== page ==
Objectives: The clinical assessment efficiency of the CAGE questionnaire for alcohol abuse based on diagnostic accuracy has not been fully established to date because of the varied and inconclusive gold standards used as diagnostic criteria. CAGE has also been highlighted to miss almost half of the risk-drinkers due to the use of inadequetly set criteria for the positive recognition of alcohol abuse. This study aims to establish the diagnostic accuracy of CAGE at different treatment settings.
Methods: A hybrid of the receiver operating characteristic (ROC) and the Taguchi method was used, as this approach proved to evaluate the diagnostic performance and accuracy in hypothetical clinical settings. Data were used from three cross-clinical treatment settings, i.e., general medicine outpatients, medical inpatients, and psychiatric inpatients, and analyzed by means of a step-wise application of managable number of statistical indices such as the area under the ROC curve (AUC), leveling factor (p′), and signal-to-noise ratios (S/N; standardized S/N [SS/N]).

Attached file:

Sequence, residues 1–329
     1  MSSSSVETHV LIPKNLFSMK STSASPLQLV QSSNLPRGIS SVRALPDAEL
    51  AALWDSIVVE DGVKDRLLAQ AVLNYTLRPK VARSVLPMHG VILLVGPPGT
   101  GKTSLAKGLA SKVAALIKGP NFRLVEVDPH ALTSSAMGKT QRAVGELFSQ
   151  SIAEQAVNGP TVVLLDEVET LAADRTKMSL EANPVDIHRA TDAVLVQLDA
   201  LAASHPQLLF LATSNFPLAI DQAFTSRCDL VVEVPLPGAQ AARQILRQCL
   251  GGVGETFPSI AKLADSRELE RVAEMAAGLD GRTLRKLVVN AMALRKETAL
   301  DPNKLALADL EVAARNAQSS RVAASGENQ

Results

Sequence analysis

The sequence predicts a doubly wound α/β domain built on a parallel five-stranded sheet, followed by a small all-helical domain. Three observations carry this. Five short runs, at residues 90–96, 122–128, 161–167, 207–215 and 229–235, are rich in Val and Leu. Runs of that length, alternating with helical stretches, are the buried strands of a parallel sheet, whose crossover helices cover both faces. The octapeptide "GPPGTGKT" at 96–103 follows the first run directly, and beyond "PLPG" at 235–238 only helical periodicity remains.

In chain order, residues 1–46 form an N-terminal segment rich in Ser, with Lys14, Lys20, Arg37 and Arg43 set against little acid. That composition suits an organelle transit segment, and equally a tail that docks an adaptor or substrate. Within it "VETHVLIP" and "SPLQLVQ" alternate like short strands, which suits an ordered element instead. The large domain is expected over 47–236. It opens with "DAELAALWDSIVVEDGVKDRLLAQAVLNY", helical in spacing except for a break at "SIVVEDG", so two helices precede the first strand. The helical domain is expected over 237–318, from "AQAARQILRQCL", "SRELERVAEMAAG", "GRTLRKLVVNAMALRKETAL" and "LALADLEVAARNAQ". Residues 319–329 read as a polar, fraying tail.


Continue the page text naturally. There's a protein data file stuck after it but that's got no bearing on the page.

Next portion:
Results: The selected settings yielded similar AUCs but portrayed different trade-offs on the ROC curves signaling the presence of different critical CAGE scores. Analysis of the sensitivity and specificity data of i, ii, iii by p′, S/N, SS/N and their dependent relation resulted in the critical CAGE scores of 1,1, and 2; and high diagnostic accuracy levels of 76.84 percent, 86 percent, and 76.84 percent, respectively.
Conclusions: By setting these critical CAGE scores as the minimum detection levels of alcohol abuse, early intervention before the onset of serious alcohol-related problems is possible. This will decrease the health-care costs of the patient and, in addition, reduce the psychological and social burdens inherent to alcohol abuse both on the patient and society. Having its critical scores reliably identified and diagnostic accuracy fully determined, CAGE can now improve the detection rate of problem drinking individuals substantially.